Ofcom’s preferred approach would be to implement an exit without penalty rule. This rule would allow consumers to walk away from their contract without penalty should their provider introduce any price increase during the term of the contract. A similar rule has been in place in Japan for over a decade; under the country’s Consumer Contract Act (2001) contracts may be cancelled when provisions are deemed unfair. This approach could work to improve competition between providers, as consumers who feel that a price rise is disagreeable will have the freedom to go in search of a better deal. Consumers currently have little choice: they either accept the increase or pay a penalty to leave the contract.

Nevertheless, the exit rule would pose a question to providers on how to correctly price their tariffs. Operators might be tempted to increase prices to account for inflation, but they would risk not retaining customers (or attracting new ones) if their competitors did not follow suit. BT would likely be affected, having again increased its home phone and broadband prices, this time by 6% year-on-year. There is also the danger that consumers could walk away from any contract, smartphone in hand, following a price rise. This would likely lead to an evolution of the handset subsidy model, meaning that consumers might no longer be able to obtain a high-end smartphone for free or for a fraction of its value as part of their mobile contract. An alternative could be to further vary the set of tariffs on offer, although this could result in significant confusion for consumers.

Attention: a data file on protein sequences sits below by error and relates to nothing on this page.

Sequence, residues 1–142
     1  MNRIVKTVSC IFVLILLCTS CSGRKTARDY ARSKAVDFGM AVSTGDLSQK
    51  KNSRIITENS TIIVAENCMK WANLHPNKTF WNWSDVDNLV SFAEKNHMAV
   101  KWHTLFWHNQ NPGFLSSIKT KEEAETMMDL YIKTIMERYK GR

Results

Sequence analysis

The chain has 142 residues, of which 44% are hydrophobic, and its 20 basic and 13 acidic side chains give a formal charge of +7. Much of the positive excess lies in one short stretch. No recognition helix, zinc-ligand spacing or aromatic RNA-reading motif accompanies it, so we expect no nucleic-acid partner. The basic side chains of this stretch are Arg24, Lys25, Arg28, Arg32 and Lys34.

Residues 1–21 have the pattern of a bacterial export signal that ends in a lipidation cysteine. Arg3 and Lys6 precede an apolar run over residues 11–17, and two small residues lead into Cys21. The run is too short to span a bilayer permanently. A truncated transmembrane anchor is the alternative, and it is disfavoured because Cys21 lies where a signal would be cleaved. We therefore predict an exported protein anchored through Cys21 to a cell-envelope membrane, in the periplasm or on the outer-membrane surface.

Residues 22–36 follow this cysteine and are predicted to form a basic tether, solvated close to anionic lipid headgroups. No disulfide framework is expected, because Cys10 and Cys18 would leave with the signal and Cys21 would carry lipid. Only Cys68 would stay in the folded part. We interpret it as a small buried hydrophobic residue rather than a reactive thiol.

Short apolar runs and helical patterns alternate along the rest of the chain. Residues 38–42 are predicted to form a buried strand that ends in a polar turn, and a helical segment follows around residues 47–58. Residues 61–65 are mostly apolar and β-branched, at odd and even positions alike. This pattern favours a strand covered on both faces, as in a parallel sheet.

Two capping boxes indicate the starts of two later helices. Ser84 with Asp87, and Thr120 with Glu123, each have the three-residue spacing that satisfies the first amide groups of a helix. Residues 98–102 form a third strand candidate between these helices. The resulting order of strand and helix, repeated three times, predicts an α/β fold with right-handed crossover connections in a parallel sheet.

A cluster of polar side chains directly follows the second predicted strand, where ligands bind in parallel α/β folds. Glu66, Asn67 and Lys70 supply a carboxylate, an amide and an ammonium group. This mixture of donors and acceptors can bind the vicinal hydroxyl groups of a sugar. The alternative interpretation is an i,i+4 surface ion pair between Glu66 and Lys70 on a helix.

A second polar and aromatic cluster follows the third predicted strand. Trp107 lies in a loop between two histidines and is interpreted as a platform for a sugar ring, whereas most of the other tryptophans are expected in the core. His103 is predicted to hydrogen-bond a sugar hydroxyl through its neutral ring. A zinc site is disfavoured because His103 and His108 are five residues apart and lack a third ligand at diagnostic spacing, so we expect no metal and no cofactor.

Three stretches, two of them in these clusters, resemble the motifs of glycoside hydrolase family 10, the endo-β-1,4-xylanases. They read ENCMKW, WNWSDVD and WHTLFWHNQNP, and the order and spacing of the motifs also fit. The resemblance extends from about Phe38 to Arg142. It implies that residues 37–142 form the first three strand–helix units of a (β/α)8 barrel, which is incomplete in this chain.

Operators should embrace transparency to minimize the risk of further regulatory burdens

In conjunction with its exit rule, Ofcom would expect providers to be “clear and up front” about both the potential for any price rise and the consumer’s right to terminate the contract in the event of a price rise. While some operators are likely to criticize the plans, Ovum believes they would do well to embrace the transparency option. Making a commitment to be open and honest at the point of sale would certainly be less than burdensome than an exit without penalty rule. BT has come out in support of Ofcom’s proposal, claiming that it already informs its customers about any tariff increase and allows them to exit within 10 days of receiving the notification.

Transparency can stimulate competition by facilitating switching between providers, as consumers are better informed about the services on offer and the exact details of the agreements into which they enter. Encouragingly, Ofcom already recognizes this and is one of a number of NRAs that are relying on transparency more and more as a regulatory remedy. Ofcom has stated that it would not go so far as to prohibit tariff increases entirely, but an exit without penalty rule would leave UK operators to absorb any rise in the rate of inflation or in wholesale prices. Being transparent with consumers from the start might prove a fitting compromise, and avoid large-scale churning.



James Robinson, Associate Analyst, Regulation and Policy